Hal Foster, “Art Critics in Extremis” and “This Funeral Is for the Wrong Corpse” in Design and
Crime (and Other Diatribes)
, London: Verso, 2002, pp. 104-143. (All citations are from this text.)
annotation by Michael Robbins (Theories of Media, Winter 2004)

Hal Foster’s task in this collection of essays, “a polemical account of recent changes in the cultural status of architecture and design as well as art and criticism in the West” (p. xiii), is to “try to relate cultural and discursive forms to social and technological forces, and to periodize them in a way that points to political differences today” (p. xv). As this precis suggests, Foster is working from within a broadly Marxian framework, his goal as critic as much to account for art (and debates within art criticism and art history) as a socio-historical force as to provide aesthetic assessments of contemporary art forms. In the penultimate chapter of Design and Crime, “Art Critics in Extremis,” Foster “recounts the demise of a dominant formation of postwar artist and critic,” a bittersweet prelude to a final chapter in which he “cautions against any premature report of the death of art and criticism as such” (pp. xiv-xv).

“Art Critics in Extremis” is ostensibly a review of an anthology, Challenging Art: Artforum 1962-74, that recounts, through interviews with the major players, the story of Artforum from “its inauspicious beginnings” through its “glory days” as the contemporary art journal of the late sixties, “to its editorial meltdown” in 1974 (pp. 104-105). But Foster takes the opportunity of the review to assess the cultural shifts that have led to the demise of the critical paradigm established by Clement Greenberg and continued, in the pages of Artforum, by Michael Fried, Rosalind Krauss, and Annette Michelson. For Foster finds “an epic” codified in the issues of Artforum that appeared in the late sixties, one that draws together multiple lines of critical innovation and rupture—a story of “the rise of art criticism as a serious discipline in the US” and the concomitant “decline of the modernist critic” (p. 116). For a brief period, Artforum captured an “extraordinary instance of interlocked debate,” “a collision between late-modernist paintings and neo-avant-garde alternatives” (pp. 114, 115). As resistances to late-modernist boundaries were mounted by “conceptual, process, body, performance, video, site-specific, earthwork, and installation artists” (p. 113), as modernist criticism’s “sublimation of the ethical and political was … reversed by developments in the New Left, a pumped-up [art] market, and feminism” (p. 119), it became clear that what Fried et al. most feared—art’s capitulation to “the arbitrary” (p. 120)—would come to pass. The resultant “rise of the critic-theorist of the October sort” promised new directions for art criticism, but today “this figure has begun to subside in turn” (p. 121). We are now at a sort of impasse, one recognized in the quotation from Adorno that serves as a bridge between the penultimate chapter and “This Funeral Is for the Wrong Corpse.”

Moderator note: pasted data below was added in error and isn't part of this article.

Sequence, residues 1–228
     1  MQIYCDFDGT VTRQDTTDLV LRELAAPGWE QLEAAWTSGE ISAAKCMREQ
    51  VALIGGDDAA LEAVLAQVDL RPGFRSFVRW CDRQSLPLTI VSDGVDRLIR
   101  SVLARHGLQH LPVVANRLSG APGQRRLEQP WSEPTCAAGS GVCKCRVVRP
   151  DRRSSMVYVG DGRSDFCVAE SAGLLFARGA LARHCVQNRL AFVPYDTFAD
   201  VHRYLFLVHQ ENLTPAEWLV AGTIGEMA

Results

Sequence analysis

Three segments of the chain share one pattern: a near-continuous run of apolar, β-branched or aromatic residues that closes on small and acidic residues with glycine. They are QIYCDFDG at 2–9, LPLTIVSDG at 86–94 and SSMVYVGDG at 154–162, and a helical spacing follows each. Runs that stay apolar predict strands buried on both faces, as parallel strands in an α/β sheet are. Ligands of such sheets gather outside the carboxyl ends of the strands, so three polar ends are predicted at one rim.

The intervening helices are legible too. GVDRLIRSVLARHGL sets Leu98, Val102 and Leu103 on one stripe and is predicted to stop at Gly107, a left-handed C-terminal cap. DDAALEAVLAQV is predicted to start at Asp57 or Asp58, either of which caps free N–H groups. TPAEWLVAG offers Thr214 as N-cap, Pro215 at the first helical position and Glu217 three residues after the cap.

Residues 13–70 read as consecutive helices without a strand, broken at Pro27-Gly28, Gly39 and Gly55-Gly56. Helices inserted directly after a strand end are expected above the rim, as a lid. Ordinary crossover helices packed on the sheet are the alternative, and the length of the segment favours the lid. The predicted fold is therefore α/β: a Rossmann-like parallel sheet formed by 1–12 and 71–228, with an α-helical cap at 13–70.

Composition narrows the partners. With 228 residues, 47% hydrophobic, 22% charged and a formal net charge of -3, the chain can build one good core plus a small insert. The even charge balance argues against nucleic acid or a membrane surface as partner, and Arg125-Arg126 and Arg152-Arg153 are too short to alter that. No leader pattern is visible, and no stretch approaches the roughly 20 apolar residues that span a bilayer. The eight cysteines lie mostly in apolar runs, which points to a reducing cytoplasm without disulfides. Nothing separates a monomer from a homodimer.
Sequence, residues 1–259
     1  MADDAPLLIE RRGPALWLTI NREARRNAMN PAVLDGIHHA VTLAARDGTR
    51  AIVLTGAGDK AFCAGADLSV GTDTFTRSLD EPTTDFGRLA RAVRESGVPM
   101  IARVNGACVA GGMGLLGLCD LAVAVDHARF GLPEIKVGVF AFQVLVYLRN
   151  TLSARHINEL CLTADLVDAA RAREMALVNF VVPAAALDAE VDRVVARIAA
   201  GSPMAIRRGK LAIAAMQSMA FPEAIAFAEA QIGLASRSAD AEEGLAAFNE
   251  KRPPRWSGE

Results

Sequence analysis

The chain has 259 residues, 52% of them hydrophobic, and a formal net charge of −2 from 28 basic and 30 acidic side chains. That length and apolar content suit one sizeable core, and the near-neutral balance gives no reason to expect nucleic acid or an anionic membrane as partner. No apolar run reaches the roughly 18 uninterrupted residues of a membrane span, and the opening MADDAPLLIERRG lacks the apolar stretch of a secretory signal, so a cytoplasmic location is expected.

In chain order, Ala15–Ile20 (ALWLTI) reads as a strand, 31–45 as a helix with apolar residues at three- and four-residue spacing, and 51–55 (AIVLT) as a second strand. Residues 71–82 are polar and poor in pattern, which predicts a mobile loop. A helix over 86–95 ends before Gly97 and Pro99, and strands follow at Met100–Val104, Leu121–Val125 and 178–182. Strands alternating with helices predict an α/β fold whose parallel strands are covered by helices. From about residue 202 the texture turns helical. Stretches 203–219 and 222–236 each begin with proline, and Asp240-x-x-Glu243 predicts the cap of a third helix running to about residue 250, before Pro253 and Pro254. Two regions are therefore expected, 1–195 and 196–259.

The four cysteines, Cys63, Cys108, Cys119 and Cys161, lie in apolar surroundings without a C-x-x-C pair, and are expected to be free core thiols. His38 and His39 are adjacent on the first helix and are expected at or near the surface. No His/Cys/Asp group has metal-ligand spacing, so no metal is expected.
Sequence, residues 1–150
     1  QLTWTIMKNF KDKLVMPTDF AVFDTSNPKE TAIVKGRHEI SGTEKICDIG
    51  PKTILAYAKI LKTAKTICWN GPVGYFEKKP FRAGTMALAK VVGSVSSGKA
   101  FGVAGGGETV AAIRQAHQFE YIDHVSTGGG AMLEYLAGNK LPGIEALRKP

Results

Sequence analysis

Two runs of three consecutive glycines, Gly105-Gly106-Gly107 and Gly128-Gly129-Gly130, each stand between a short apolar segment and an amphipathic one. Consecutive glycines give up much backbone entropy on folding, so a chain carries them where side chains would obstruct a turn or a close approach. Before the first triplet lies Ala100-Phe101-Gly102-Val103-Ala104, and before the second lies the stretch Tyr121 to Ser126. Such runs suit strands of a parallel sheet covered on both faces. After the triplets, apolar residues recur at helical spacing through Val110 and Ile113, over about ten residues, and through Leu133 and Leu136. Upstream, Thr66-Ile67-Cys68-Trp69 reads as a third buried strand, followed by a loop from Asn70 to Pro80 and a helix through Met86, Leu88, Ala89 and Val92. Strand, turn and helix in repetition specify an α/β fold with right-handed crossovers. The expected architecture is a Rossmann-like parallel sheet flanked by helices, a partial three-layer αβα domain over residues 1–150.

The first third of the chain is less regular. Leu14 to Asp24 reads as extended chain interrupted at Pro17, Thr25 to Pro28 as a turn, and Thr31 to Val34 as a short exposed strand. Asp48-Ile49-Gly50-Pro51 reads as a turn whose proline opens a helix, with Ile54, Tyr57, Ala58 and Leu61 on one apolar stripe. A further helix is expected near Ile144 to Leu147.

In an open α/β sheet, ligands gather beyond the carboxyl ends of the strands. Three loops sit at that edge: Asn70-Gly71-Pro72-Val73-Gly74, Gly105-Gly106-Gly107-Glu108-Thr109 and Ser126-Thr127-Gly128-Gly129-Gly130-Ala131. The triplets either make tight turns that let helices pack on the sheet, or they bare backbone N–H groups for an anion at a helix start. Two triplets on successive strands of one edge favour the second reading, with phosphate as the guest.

“It is self-evident that nothing concerning art is self-evident anymore,” wrote Adorno in 1969 (cited on p. 123), a conclusion whose truth Foster nevertheless refuses to see as excusing pessimistic assessments of the future of art and art criticism: “might ‘the end of art’ be one more thing about art that is not ‘self-evident anymore’?” (p. 123). After a lightning tour of the declines of modernism, poststructuralism, the reductive finalities of art theorists like Peter Burger, the neo-avant-garde, etc., Foster offers “a few versions of [the] ‘living-on’” of art (another term borrowed from Adorno; p. 129-30). He constructs an admittedly “artificial” “taxonomy” of contemporary art practices that “point to a semi-autonomy of genre or medium, but in a reflexive way that opens onto social issues”: he calls these practices “‘traumatic,’ ‘spectral,’ ‘nonsynchronous,’ and ‘incongruent’” (p.130). These artistic developments, “committed to formal transformations” (p. 130) and typified by the work of Robert Gober (traumatic), Rachel Whiteread (spectral), Stan Douglas (nonsynchronous), and Gabriel Orozco (incongruent), defy the teleological end of art, instantiate a “coming-after and living-on” (p. 143). Foster thus ends his book on a note of cautious potentiality, a testament to the hope that sustains him as a critic.